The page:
The strategic alliance between the world’s largest music company and the Los Angeles startup is an attempt to get more artists and others involved in producing, marketing and promoting music to think about how best to harness the medium to create something new.
Within has attracted notice from heavyweights in Hollywood and in Silicon Valley, having raised a total of $56.6 million from a who’s who of investors including Laurene Powell Jobs’ Emerson Collective, 21st Century Fox, Andreessen Horowitz and Raine Ventures.
Two of its VR projects, Hallelujah, which reimagines Leonard Cohen’s best-known song, and Life of Us, a social-VR project in which four people experience the evolution of life on earth, starting from a single-cell organism, were selected for this year’s Tribeca Film Festival.
In the latest announcement, Within will work with Universal artists to develop experiences around music that go beyond the standard VR concert footage that places the viewer onstage alongside an artist.
“Together, UMG and Within will push the boundaries of how audiences experience music and create new ways for artists to forge deeper connections with their fans,” UMG EVP Michele Anthony said.
The alliance is a homecoming for Within co-founder and CEO Chris Milk, who spent the first decade of his career directing music videos for Kanye West, U2, Arcade Fire, Green Day, Johnny Cash and Modest Mouse.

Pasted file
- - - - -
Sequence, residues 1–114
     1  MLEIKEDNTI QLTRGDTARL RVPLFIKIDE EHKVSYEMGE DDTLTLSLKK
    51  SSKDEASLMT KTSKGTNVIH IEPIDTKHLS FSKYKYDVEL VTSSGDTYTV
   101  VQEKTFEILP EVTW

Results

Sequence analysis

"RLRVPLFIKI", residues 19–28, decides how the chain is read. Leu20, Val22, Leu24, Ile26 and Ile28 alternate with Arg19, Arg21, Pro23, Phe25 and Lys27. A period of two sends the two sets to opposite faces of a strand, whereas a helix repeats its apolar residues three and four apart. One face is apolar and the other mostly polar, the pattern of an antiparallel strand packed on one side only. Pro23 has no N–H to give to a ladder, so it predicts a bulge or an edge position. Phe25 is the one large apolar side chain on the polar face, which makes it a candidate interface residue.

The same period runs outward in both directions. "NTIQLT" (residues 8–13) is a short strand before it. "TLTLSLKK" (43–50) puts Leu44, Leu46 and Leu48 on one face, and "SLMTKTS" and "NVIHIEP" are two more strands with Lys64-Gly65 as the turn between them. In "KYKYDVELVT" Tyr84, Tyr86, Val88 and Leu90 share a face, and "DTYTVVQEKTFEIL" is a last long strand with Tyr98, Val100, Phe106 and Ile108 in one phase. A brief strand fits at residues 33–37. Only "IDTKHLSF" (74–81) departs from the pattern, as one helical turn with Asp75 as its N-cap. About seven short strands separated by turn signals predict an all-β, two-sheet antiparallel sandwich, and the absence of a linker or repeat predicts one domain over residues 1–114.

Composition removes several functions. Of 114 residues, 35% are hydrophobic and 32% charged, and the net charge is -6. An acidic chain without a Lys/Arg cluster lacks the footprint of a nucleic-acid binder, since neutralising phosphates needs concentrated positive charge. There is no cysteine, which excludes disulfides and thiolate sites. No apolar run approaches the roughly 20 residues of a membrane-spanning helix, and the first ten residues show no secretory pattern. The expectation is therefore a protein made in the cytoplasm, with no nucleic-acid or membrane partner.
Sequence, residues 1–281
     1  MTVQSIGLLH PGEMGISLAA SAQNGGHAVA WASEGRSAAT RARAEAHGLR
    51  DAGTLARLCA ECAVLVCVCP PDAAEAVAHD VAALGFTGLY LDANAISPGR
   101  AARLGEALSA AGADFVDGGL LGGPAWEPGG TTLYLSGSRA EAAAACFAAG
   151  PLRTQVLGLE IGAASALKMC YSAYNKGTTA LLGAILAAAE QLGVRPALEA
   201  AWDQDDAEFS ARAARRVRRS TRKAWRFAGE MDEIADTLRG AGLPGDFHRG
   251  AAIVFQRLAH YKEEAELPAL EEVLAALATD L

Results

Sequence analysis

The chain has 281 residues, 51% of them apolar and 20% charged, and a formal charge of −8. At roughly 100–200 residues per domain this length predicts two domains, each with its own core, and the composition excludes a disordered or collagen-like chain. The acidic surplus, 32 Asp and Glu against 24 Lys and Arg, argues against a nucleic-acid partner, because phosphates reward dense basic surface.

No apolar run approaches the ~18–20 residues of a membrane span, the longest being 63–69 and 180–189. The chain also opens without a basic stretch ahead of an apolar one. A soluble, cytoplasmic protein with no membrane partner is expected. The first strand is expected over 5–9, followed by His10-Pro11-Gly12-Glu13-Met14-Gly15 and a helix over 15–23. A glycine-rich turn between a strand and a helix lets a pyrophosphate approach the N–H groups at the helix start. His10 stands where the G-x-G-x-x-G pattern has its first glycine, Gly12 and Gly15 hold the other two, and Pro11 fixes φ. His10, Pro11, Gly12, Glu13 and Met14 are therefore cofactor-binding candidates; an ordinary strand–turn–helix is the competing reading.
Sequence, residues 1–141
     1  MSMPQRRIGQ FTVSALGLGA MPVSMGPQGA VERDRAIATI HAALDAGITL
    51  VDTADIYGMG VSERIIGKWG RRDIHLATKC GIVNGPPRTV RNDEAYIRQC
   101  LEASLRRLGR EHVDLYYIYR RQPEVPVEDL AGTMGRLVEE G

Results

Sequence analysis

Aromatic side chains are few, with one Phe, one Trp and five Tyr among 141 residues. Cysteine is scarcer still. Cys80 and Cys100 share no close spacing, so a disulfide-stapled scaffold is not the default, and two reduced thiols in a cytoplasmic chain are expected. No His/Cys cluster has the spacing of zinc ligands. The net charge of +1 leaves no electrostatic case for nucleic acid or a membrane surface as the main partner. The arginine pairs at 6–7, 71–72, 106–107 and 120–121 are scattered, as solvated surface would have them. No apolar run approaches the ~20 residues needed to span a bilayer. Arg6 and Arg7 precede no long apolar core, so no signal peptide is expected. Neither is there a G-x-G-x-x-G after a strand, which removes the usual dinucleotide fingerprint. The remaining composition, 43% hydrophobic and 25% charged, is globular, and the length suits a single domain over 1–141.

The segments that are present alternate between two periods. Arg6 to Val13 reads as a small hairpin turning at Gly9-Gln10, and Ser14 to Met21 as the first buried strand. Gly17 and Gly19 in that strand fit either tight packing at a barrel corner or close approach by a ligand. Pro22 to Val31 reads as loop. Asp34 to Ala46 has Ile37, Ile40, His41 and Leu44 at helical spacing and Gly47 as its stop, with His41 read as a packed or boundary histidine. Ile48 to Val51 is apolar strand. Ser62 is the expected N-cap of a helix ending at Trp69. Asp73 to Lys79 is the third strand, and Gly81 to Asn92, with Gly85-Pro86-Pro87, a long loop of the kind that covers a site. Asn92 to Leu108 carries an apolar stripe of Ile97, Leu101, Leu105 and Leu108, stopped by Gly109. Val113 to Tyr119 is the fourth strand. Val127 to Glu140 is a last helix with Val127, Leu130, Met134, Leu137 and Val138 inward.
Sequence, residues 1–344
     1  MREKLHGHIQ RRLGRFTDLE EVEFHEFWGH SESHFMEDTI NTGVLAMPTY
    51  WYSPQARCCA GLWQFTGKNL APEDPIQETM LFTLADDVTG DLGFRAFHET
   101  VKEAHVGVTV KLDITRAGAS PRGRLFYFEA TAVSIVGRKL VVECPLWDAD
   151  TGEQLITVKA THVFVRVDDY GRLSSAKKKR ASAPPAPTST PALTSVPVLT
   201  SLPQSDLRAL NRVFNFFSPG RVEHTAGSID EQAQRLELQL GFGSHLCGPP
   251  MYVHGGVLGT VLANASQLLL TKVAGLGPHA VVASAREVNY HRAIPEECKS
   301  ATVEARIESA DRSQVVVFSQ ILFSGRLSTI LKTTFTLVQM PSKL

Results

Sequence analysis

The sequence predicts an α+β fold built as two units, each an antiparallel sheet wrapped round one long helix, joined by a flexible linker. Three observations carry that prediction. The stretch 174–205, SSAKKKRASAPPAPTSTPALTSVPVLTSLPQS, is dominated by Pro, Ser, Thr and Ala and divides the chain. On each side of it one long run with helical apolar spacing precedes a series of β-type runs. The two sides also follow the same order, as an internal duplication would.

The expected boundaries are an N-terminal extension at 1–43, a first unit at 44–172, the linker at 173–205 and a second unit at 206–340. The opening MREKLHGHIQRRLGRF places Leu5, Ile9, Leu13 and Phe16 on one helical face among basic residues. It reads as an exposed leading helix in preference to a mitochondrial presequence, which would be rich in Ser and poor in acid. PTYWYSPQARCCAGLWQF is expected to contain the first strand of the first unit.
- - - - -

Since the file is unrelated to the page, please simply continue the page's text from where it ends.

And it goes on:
As music videos migrated to YouTube, Milk took advantage of the new medium’s two-way communication.
“I was frustrated by the music video format as a director because — this is important — music is by far the most experiential medium there is. It becomes the soundtrack to the most important moments of our lives, in a way that no other art form or medium does,” Milk said in an interview with Deadline. “I spent many years as a music video director trying to crack how I could ever make a music video as raw and experiential as music. That’s what pushed me into interactive music videos online.”
Milk capitalized on that interactivity with the Johnny Cash Project, in which fans of the man in black drew portraits that were integrated into the artist’s final music video. The flickering black-and-white works illustrated the video for the song “Ain’t No Grave.”
A project with the band Arcade Fire, The Wilderness Downtown, aimed to create an intensely personal experience. Before watching, the user was prompted to enter his or her childhood home address. The interactive film would depict a teenager running through the old neighborhood and stopping in front of your home — drawing from Google Maps and Street View images.
Milk says virtual reality has the power to truly complement music. One project with The Chemical Brothers, Under Neon Lights, featuring St. Vincent, provides an interactive, colorfully animated VR music experience — in this case, a coming-of-age story built around a girl whose world builds in neon color as she runs through different stages of her life.
“What we’re talking about here is more than just the future of music videos,” Milk said. “We’re creating a medium of human experience — and that’s going to change everything.”